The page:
The upper stories are entirely appropriated for patients, and additions have been recently made to the establishment, by which more ample accommodation is afforded. Out of twenty wards, five, containing upwards of one hundred beds, are allotted to surgical cases, four to medical cases for men, and the remainder are set apart for women. In the centre of the building is a steam engine which supplies the establishment with water, and with steam for cooking, works a mangle, and is applied to other useful purposes. In the yard is an elevated erection, on which is placed a clock, which can be seen from all parts of the building, and strikes the hours and quarters.

The utility of this Institution is proved by the number and variety of patients who are annually admitted. During 1841, 2186 patients were admitted, of which number only 135 cases proved fatal, and 1375 were cured. The average weekly number in the house was 212. The affairs of this charity are managed by a president, a committee of twenty-five, and the other officers of the Institution are, a consulting physician and two consulting surgeons, three physicians, three surgeons, a house surgeon, an apothecary, and a matron.

  REF: 4145


Liverpool, history, liverpool-history-l3-general-strike-london-road-1911
Location: Liverpool

Category: history

Address: The General Strike London Road, Centre-Town, L.3 - 1911

 

  REF: 4144


Liverpool, history, liverpool-history-l3-everton-toffee-1884
Location: Liverpool

Category: history

Address: Everton Brow, Everton, L.3 - 1884

 

  REF: 4143


Liverpool, history, liverpool-history-l3-cotton-exchange-1924
Location: Liverpool

Category: history

Address: The Cotton Exchange Exchange Street, Centre-Town, L.2 - 1924

 

  REF: 4142


Liverpool, history, liverpool-history-l3-copperas-hill-tylers-mills-1843
Location: Liverpool

Category: history

Address: Tylers Mills Copperas Hill, Centre-Town, L.3 - 1843

 

  REF: 4141


Liverpool, history, liverpool-history-l3-chisenhale-street-bridge-1935
Location: Liverpool

Category: history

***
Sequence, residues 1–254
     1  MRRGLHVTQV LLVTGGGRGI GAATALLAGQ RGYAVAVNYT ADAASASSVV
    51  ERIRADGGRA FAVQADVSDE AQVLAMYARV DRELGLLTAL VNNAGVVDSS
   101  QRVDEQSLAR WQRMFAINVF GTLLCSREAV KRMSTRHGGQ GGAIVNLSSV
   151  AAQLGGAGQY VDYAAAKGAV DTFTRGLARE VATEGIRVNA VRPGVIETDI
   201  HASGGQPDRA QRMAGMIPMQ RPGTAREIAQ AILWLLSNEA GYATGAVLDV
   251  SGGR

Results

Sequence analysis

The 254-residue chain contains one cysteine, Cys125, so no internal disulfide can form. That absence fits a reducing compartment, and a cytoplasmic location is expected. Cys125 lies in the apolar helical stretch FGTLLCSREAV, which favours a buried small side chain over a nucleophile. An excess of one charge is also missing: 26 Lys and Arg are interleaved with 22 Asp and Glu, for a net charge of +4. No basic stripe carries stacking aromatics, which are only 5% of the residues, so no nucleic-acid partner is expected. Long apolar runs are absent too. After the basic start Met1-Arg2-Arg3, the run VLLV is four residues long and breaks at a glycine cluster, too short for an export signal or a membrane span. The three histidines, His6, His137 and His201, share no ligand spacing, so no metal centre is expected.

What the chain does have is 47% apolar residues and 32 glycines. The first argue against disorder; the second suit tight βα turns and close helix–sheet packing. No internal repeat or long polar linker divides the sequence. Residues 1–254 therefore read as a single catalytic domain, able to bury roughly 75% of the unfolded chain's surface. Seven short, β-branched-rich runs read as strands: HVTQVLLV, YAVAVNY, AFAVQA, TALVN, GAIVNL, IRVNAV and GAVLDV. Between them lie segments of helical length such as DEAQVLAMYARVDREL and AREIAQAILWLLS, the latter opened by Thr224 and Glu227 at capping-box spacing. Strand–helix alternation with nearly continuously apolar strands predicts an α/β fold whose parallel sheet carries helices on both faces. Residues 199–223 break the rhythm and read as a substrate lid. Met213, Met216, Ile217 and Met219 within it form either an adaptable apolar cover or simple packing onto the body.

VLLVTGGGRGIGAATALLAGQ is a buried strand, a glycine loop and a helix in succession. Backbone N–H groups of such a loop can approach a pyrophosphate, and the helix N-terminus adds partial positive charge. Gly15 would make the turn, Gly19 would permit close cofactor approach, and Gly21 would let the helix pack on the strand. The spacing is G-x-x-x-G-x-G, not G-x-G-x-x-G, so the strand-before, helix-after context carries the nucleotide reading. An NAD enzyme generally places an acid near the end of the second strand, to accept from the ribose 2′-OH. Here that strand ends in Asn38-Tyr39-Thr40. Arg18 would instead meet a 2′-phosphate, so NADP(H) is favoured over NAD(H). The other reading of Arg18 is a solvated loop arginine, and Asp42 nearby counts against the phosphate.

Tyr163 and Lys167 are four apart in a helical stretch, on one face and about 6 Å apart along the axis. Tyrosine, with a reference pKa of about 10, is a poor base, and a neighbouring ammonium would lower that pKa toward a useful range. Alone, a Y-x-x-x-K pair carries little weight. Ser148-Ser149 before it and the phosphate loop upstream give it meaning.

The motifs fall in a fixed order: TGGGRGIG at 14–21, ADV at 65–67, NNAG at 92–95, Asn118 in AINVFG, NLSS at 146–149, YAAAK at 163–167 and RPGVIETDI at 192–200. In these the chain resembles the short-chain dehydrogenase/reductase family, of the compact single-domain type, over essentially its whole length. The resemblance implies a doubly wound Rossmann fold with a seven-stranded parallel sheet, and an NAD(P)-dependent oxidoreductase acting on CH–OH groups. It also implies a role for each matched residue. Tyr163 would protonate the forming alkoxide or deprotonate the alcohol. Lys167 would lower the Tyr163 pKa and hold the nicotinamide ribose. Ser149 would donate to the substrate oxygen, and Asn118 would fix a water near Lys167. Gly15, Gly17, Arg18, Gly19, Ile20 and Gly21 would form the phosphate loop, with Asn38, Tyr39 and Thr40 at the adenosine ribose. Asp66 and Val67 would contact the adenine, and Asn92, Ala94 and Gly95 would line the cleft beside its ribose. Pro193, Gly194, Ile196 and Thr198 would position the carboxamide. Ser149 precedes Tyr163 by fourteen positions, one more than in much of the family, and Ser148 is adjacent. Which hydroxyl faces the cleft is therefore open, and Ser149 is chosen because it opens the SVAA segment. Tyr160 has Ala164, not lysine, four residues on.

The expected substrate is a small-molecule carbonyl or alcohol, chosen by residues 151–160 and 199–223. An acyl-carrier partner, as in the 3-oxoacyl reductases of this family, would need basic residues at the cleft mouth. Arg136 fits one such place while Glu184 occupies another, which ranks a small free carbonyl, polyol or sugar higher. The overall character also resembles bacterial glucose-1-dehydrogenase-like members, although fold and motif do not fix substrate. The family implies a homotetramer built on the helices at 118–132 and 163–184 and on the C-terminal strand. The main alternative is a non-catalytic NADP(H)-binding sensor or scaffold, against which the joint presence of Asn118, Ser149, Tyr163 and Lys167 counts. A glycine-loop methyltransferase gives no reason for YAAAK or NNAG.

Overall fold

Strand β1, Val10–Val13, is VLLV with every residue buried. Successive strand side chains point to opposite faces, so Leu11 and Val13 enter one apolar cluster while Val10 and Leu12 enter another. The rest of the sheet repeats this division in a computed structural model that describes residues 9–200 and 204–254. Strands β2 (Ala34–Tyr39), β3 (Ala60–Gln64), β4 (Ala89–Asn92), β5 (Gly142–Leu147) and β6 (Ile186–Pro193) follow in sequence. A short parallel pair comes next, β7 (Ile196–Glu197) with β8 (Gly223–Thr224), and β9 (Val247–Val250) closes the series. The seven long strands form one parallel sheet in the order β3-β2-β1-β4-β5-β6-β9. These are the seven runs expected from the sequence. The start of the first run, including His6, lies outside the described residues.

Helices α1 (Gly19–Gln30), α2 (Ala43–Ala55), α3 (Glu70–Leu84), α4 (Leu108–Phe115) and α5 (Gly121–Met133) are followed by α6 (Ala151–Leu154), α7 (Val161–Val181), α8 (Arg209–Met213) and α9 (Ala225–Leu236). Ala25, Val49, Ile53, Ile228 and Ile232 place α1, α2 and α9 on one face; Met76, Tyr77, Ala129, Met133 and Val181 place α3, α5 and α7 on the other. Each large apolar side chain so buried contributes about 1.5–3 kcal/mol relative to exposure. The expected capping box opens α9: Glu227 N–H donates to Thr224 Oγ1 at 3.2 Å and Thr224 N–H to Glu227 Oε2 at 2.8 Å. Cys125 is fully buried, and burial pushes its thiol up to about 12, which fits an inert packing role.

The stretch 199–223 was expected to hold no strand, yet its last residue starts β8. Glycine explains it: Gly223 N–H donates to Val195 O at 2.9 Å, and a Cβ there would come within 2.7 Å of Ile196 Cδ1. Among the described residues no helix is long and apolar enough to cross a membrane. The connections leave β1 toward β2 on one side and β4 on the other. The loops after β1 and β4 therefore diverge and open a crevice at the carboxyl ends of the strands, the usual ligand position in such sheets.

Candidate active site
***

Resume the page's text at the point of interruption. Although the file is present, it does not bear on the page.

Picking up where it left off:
Address: The Canal Bridge Chisenhale Street, Centre-North, L.3 - 1935

 

  REF: 4140


Liverpool, history, liverpool-history-l3-chisenhale-street-1814
Location: Liverpool

Category: history

Address: The Canal Bridge Chisenhale Street, Centre-North, L.3 - 1814

 

  REF: 4139


Liverpool, history, liverpool-history-l3-adelphi-hotel-and-the-big-house-ranelagh-street-1960
Location: Liverpool

Category: history

Address: Adelphi Hotel and the Big House Ranelagh Street, Centre-Town, L.3 - 1960

 

  REF: 4138


Liverpool, history, liverpool-history-l2-white-star-offices-james-street-1920
Location: Liverpool

Category: history

Address: White Star Offices James Street, Centre-Town, L.2 - 1920

 

  REF: 4137


Liverpool, history, liverpool-history-l2-water-street-oriel-chambers-1941
Location: Liverpool

Category: history

Address: Bomb Damage WWII, Oriel Chambers Water Street, Centre-Town, L.2 - 1941

 

  REF: 4136


Liverpool, history, liverpool-history-l2-water-street-1905
Location: Liverpool

Category: history

Address: Water Street, Centre-Town, L.2 - 1905

 

  REF: 4135


Liverpool, history, liverpool-history-l2-water-street-1831
Location: Liverpool

Category: history

Address: Water Street, Centre-Town, L.2 - 1831

 

  REF: 4134


Liverpool, history, liverpool-history-l2-water-street-c1800
Location: Liverpool

Category: history

Address: Water Street, Centre-Town, L.2 - 1800

 

  REF: 4133


Liverpool, history, liverpool-history-l2-town-hall-1937
Location: Liverpool

Category: history

Address: The Town Hall and Coronation Celebrations High Street, Centre-Town, L.2 - 1937

 

  REF: 4132